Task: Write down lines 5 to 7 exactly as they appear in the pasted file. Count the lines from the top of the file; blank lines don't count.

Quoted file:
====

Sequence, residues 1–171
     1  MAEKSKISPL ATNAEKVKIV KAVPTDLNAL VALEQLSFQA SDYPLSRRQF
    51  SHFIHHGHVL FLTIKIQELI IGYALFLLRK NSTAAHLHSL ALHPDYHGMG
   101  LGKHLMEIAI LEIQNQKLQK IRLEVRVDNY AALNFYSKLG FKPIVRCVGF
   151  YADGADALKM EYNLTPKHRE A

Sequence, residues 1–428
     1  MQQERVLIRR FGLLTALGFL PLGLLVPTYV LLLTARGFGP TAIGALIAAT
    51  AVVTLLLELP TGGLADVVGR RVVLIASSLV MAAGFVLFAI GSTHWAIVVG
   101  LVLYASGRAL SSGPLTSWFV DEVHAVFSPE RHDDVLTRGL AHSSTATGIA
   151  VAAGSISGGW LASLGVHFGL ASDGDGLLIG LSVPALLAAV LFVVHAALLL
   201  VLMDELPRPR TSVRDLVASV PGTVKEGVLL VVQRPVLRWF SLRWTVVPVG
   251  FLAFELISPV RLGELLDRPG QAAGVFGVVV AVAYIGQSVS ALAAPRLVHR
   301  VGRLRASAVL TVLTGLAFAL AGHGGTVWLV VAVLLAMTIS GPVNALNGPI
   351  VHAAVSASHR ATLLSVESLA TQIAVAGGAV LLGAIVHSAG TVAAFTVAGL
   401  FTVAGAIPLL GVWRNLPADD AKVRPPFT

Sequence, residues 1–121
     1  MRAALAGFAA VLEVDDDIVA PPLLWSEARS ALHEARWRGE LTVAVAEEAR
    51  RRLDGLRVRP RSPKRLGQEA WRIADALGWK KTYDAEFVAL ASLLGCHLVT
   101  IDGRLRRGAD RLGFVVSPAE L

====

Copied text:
   151  YADGADALKM EYNLTPKHRE A

Sequence, residues 1–428
     1  MQQERVLIRR FGLLTALGFL PLGLLVPTYV LLLTARGFGP TAIGALIAAT